Crime & Justice

Peruvian police play cat-and-mouse with smugglers on Ecuador border

By Carla Samon Ros

Aguas Verdes, Peru, May 18 (EFE).- Peruvian police striving to stop the trafficking of migrants, drugs, and guns from neighboring Ecuador across the Zarumilla River live with the reality that the progress they make in daylight will likely evaporate after dark.

A team of seven officers make their way by truck to one of the spots favored by the gangs who specialize in the lucrative business of smuggling Venezuelan migrants into Peru.

The criminals throw up improvised spans made of wood, sandbags, rocks, cement, and tries near the international bridge and traders in contraband use the same corridors as the human traffickers.

Last month, a joint operation involving some 600 police from both sides of the border used heavy machinery to dismantle a score of clandestine crossings in the area of Aguas Verdes.

While all that remains of some of the erstwhile bridges are piles of rubble, others are already in the process of being reassembled as part of the ongoing tug of war with authorities.

Thirty minutes into the patrol, the Peruvian officers spot a group of Venezuelans – seven adults and four children – sheltering from the sun under a tree.

They initially deny having snuck into Peru with the help of “coyotes” (migrant traffickers), but their story breaks down when the police notice two people wearing ski-masks peeking out from between the bars of a window in a house on the Ecuadorian side of the Zarumilla.

“They are certainly armed,” one of the Peruvian officers says of the people across the river.

After some back-and-forth, the Venezuelans admit having paid the coyotes around $100 to get them into Peru. They hand over their identification documents and board the truck for the ride to the police station in Aguas Verdes.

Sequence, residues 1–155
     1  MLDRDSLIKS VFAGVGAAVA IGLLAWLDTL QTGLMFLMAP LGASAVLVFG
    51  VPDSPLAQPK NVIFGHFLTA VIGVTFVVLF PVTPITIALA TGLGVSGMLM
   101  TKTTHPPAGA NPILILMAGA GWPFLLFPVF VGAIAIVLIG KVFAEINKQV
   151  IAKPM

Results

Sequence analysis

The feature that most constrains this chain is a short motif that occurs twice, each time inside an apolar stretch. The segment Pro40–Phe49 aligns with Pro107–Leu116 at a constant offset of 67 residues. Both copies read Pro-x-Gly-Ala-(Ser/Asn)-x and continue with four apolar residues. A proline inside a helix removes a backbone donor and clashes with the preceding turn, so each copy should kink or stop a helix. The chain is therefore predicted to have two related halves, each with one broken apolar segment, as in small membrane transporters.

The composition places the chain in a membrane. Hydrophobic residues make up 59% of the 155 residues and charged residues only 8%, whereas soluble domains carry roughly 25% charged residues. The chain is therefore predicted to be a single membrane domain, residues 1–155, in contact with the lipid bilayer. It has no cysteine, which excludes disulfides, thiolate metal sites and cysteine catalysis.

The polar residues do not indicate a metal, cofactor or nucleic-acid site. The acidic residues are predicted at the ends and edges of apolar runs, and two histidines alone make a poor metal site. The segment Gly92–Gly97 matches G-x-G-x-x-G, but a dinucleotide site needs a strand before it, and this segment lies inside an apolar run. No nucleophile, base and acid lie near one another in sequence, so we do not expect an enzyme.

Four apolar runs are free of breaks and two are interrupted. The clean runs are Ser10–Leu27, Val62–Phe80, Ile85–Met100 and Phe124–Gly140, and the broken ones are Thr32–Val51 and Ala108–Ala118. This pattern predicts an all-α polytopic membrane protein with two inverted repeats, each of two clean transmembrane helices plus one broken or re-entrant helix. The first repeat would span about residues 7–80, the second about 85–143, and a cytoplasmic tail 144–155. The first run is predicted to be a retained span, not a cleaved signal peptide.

Once at the station, they will have to sign a paper acknowledging that they entered Peru illegally before they are allowed to continue on their way.

The patrol moves on to another crossing point where blood with spilled a few days ago in a dispute over payments to the gangs who control this stretch of the border.

On this occasion, the police surprise four men passing cans across the river to be filled with gasoline in Ecuador, where the price at the pump is lower.

The presence of smugglers is nothing new, but the gangs grew stronger and bolder during the nearly two years the border was officially closed due to Covid-19.

“Organized crime gained a lot of ground during the pandemic on the question of clandestine crossings. They organized well, definitely, and there is the result,” the director of Social Development for the Tumbes region, Luis Alfonso Cerna, told Efe.

Smuggling in the area is now under the control of multinational criminal outfits that possess “more sophisticated weapons, logistics, and vehicles than the police,” he said. EFE


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